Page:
Monsters vs. Aliens

MPAA rating: PG
Genre: Animated, Science Fiction/Fantasy
Reese Witherspoon, Seth Rogen, Kiefer Sutherland and others provide the voices in this animated adventure about a young girl who transforms into a robot, then joins a battle to save the human race from invading aliens.
Starring: Reese Witherspoon, Seth Rogen, Hugh Laurie, Will Arnett, Kiefer Sutherland, Rainn Wilson, Stephen Colbert, Paul Rudd, Renée Zellweger
Director: Rob Letterman, Conrad Vernon
Release: Opened Mar 27, 2009

Editorial Review

The super-duper-3-D-big-screen-Imax-deluxe extravaganza that is "Monsters vs. Aliens" has bells and whistles, superb technical sophistication and dazzling visual effects, sound, fury and Reese Witherspoon.

What it doesn't have is heart.

Like so many vehicles that have popped out from the DreamWorks Animation snark tank, "Monsters vs. Aliens" is too clever by half. The movie, which Jeffrey Katzenberg has been flogging as the flagship of his "3-D: It's the Future!" campaign, admittedly takes technology to impressive new levels. With the exception of some gags involving a paddle ball and a few menacingly outstretched arms, the film uses 3-D not for stunts but to create amazing visual depth and texture. But at a recent Saturday morning screening full of youngsters and their adult charges, nary a giggle or delighted gasp could be heard, maybe because references to "Dr. Strangelove" are lost on the SpongeBob SquarePants set.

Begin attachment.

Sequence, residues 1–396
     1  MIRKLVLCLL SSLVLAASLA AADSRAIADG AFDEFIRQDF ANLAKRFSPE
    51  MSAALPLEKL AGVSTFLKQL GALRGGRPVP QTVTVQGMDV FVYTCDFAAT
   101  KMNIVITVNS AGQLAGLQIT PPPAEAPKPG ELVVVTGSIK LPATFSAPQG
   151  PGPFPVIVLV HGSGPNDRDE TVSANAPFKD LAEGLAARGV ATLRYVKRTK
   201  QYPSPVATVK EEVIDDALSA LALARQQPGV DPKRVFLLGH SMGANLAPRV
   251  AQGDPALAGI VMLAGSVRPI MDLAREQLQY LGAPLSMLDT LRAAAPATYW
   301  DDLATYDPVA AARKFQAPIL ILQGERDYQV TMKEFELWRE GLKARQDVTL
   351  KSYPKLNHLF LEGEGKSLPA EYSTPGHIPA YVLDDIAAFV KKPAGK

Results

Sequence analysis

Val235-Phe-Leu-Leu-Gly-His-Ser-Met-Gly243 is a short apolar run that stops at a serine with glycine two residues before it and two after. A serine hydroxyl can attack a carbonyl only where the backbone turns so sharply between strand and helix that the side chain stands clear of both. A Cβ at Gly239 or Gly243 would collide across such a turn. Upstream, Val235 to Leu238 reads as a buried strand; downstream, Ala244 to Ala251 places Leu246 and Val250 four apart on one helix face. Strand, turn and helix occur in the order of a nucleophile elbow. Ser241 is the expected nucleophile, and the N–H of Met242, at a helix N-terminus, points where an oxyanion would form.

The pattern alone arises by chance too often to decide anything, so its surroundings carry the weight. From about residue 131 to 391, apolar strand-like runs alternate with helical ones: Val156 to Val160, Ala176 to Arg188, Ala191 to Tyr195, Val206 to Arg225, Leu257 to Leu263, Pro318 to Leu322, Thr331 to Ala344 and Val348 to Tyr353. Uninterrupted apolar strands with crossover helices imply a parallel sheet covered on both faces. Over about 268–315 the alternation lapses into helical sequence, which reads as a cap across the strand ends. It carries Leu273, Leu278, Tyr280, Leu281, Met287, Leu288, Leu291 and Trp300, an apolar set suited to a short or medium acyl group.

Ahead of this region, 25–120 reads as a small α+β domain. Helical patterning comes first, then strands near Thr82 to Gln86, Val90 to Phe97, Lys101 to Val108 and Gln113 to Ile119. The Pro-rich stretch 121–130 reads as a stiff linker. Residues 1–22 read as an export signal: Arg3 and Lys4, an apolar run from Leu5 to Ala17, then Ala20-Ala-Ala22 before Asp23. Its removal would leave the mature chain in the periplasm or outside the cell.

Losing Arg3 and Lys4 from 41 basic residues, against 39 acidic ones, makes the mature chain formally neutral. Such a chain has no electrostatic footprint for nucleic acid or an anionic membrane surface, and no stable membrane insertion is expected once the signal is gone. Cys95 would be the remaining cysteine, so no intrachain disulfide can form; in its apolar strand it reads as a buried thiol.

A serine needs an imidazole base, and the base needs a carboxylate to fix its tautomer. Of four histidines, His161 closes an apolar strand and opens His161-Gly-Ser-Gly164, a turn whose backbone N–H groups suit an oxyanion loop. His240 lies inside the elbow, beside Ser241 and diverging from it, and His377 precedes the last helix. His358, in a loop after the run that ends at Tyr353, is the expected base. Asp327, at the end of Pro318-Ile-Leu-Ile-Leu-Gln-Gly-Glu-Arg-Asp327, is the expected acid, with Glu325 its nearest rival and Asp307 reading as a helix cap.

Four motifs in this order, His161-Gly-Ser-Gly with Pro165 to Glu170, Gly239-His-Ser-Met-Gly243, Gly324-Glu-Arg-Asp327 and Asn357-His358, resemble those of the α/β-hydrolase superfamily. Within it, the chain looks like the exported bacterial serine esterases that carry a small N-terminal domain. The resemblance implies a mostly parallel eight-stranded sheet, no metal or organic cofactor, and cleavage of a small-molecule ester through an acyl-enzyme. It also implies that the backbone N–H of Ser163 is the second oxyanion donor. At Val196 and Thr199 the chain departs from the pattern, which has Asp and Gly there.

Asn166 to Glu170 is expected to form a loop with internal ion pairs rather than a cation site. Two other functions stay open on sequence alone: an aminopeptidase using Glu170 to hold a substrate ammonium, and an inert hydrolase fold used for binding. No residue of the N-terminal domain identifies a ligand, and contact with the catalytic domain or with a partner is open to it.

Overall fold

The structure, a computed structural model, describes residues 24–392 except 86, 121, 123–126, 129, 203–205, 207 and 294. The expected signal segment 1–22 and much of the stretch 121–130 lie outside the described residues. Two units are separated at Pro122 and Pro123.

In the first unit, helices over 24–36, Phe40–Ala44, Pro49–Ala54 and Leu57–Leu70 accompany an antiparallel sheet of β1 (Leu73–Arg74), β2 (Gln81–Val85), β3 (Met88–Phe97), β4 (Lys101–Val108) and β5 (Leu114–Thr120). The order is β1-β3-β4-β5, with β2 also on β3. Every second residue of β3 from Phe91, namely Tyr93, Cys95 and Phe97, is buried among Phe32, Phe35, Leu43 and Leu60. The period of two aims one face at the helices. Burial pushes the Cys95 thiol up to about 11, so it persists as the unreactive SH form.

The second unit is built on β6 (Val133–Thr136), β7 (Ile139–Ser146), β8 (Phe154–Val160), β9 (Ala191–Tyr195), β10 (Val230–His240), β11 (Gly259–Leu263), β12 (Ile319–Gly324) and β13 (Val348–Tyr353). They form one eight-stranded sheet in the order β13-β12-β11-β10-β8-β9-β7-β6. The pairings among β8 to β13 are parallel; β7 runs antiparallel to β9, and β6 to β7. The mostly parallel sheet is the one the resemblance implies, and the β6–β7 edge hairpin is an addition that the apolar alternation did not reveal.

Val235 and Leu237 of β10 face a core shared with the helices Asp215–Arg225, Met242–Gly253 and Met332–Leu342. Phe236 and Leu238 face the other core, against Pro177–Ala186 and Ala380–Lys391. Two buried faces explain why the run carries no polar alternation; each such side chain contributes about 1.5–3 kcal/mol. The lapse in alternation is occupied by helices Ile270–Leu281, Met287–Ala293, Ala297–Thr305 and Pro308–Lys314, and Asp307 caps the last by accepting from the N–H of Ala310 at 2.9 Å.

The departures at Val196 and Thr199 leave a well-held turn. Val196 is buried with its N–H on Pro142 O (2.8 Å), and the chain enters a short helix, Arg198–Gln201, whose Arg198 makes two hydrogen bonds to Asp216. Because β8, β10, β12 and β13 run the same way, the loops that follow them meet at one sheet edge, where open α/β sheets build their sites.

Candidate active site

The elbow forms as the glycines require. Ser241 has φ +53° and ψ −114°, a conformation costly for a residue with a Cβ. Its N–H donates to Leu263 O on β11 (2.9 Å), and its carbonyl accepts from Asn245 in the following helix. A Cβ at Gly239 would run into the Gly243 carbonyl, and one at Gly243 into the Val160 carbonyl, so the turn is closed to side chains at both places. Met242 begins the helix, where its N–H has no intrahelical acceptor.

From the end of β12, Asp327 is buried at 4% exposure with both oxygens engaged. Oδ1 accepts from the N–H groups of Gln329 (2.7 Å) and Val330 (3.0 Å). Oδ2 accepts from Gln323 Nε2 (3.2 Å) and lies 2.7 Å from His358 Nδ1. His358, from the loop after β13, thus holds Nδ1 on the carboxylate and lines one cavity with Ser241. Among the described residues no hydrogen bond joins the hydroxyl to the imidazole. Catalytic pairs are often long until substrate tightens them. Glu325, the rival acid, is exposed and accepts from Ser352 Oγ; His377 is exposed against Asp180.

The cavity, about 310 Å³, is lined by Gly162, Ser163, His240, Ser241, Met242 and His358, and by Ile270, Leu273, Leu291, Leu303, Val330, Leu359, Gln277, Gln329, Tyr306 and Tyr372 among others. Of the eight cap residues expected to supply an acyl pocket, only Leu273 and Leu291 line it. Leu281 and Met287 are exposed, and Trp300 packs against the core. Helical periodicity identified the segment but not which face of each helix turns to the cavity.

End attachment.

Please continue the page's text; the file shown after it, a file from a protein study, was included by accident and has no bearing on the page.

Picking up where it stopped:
Either that, or even little ones appreciate a good story. And that's precisely what's missing from "Monsters vs. Aliens," which is nominally about a bunch of government-sponsored monsters that do battle with an evil alien squid craving world domination. That's plot, not a story. And too often, "Monsters vs. Aliens" is about things, not characters. One exception is B.O.B., a forgetful blue gelatinous blob that, as voiced by Seth Rogen, not only elicits but earns his laughs. As for the rest of the movie, it will recede into your own B.O.B.-like memory bank, dissolve quickly and disappear forever.

-- Ann Hornaday (March 27, 2009)

Contains sci-fi action, crude humor and mildly suggestive euphemisms.